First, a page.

I really loved this book. (And I'm not just saying that because I FINALLY won a Goodreads book giveaway.) I am a parent at the same point as the author - one has just left for college leaving me feeling nostalgic, so proud of her, anxious that she's taking care of herself some 600 miles away from me, and sad for me - and my other child is at the end of high school looking for where she can go to get far away from me. And we've told the same lies and felt the same overwhelming love for our childr I really loved this book. (And I'm not just saying that because I FINALLY won a Goodreads book giveaway.) I am a parent at the same point as the author - one has just left for college leaving me feeling nostalgic, so proud of her, anxious that she's taking care of herself some 600 miles away from me, and sad for me - and my other child is at the end of high school looking for where she can go to get far away from me. And we've told the same lies and felt the same overwhelming love for our children. I'll probably read this one again one day as it affirms all those parental feelings that you wonder if you should be having!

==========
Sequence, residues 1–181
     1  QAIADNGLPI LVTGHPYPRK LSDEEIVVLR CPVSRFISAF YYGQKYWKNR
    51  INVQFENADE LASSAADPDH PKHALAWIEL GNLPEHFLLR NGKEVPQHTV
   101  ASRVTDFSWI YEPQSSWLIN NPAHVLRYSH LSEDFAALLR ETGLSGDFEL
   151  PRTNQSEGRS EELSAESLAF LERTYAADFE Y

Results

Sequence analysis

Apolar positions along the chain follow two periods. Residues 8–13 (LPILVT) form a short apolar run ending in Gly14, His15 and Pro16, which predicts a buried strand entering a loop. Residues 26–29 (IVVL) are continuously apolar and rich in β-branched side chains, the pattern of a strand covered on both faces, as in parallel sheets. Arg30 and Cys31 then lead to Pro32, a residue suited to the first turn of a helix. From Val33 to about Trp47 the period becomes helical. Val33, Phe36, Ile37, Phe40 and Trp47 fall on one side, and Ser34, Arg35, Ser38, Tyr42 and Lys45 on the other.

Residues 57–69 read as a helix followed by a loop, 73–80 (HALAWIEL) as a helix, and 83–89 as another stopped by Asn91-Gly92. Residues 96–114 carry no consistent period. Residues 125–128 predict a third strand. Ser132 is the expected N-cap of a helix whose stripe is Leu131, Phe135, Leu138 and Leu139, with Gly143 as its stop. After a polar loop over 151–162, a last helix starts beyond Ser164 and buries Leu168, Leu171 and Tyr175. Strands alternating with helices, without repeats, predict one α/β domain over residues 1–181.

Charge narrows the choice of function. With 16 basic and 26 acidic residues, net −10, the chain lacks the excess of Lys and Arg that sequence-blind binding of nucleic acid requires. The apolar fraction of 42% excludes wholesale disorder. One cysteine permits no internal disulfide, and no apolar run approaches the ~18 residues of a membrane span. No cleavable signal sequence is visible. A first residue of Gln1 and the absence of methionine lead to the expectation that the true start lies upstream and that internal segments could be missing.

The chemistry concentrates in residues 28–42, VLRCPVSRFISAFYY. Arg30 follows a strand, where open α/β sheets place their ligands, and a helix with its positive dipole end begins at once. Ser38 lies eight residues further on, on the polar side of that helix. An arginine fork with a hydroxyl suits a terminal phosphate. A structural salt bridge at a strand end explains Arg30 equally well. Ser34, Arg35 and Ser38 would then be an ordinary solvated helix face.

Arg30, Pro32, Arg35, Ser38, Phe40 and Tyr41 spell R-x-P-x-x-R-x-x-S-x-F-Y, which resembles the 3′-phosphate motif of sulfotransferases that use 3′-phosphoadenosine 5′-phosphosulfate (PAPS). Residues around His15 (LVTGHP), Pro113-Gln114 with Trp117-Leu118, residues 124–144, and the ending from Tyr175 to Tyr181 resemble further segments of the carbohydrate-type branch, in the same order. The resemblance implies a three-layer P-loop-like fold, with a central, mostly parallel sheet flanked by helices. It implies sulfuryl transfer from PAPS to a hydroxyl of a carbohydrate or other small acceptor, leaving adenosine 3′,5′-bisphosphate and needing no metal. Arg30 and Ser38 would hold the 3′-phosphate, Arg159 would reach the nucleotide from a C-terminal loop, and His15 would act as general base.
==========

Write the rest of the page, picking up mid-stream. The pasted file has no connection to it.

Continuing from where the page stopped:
16. 5 out of 5

    Pooja

    A sweet book that goes over the top in regards to humor sometimes, but still manages to pass time with a warm glow. Disclaimer: This book was won in a Goodreads giveaway. This is my honest and voluntary review.

  17. 5 out of 5

    Nada